In our country, over one-third of our population is clinically obese. Obesity is the leading cause of preventable death in the United States. The endemic nature of obesity means it has deep roots for us culturally. To address obesity, we need to make a cultural shift.
Group movement and mindfulness classes have shown tremendous potential to address obesity-related illnesses and concerns like high blood pressure, diabetes, heart disease, binge-eating, depression, anxiety and more. Yet it is the group itself that can be the first barrier to an individual with obesity from participating in yoga classes.
I was inspired to reach out to individuals with high BMIs in our communities by the transformation I saw in my own sister, Gina, as she developed her yoga practice. Seven years older than me, my sister was obese as long as I had known her. She was also depressed and suffered from anxiety. She hated herself and her body.
Over the course of her first year as a yogi, not only did she lose weight, but she began to control her anxiety, address her depression and became a woman who had hope and joy in her life. She became a new person to my eyes. As practitioners, we all know that feeling of self-love and acceptance that is waiting to be gained on the mat.
Bikram’s Biggest Losers
Her transformation spawned the creation of the Bikram’s Biggest Losers program (BBL) at my studio in Portsmouth, NH. The program combines unlimited yoga classes with group health coaching, accountability and community support to help participants find peace and balance in their lives.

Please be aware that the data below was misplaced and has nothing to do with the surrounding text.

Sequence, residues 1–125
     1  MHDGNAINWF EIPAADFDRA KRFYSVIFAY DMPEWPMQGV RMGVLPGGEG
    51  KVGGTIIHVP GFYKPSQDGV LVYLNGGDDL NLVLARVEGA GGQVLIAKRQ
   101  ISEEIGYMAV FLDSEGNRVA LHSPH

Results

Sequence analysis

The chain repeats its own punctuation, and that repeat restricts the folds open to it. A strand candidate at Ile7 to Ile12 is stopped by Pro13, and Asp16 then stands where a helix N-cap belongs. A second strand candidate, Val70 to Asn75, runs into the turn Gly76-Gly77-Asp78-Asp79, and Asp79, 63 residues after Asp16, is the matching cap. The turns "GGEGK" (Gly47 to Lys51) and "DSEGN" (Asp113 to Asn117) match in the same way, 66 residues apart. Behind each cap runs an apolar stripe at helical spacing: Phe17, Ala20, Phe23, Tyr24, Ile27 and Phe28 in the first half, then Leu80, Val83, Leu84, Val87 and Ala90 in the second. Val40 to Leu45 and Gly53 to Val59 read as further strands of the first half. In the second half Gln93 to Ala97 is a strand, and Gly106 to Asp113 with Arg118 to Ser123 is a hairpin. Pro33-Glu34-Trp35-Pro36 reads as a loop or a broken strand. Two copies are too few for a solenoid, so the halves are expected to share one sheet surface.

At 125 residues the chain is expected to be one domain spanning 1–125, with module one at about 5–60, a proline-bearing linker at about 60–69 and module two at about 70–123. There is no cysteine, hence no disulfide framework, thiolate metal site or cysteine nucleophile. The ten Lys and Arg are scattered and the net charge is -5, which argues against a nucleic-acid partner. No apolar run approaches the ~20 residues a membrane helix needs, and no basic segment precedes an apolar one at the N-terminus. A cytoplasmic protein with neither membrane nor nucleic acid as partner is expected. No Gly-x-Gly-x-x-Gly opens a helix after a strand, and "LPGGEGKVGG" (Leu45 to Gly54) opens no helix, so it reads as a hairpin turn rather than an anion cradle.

Since 2012, Seacoast NH residents have lost over 1,200 pounds through this program. The benefits go far beyond weight loss. As a result of the program, countless students were able to:
• Come off blood pressure medications
• Regain bone mass
• Gain strength
• Return to activities they had given up on due to old age or physical conditions
• Developed connections with a supportive community that is there for them in yoga and without.
BBL season is one of my favorite times of the year because together we support and challenge each other to take risks, to practice self-care and to pursue our dreams: from finally reaching your heels in Camel to going for an interview for the job you really want.
I have helped over a dozen studio owners replicate this supportive model in yoga studios all over the United States and Canada. It is my dream to see programs like this in thousands of studios. When I graduated from yoga teacher training, my teacher said to our class, “I charge you with this Karma. Go all over the world and bring yoga. It is your duty.”
The Last Frontier
Culturally, fat-shaming is one of the last frontiers of acceptable prejudice. Without intention, many yoga classes are either inaccessible or unwelcoming to individuals with a high BMI. As a former special educator, I believe strongly in inclusion and community. It is through strong community connections and relationships that we can all find meaning in life. It is our responsibility as yoga teachers to educate ourselves so we can teach classes that are accessible and inclusive for students of all levels of experience and fitness so that we can be the guide to help one more student find self-love.
In the words of my sister, “Yoga is my home. It is exactly where I feel normal. It is where I fit in, not just with the other students, but with myself. With my face, my body and my postures being exactly where they are supposed to be. I have achieved marriage between my body mind and spirit. The yoga allows me to maintain that marriage, to maintain self-love, which ultimately pours over into the rest of my life. Finding the time and money to live the yoga life is so much easier than trying to maintain my sadness, depression and negativity. Today, when I look in the mirror and ask myself do you love me? The answer is always a resounding, "Yes, at last Gina, Yes!"”
Read more about Gina’s transformation on the mat. And join us for our upcoming Informational Sharing Session so you can learn how to make yoga classes accessible to people with obesity at your studio.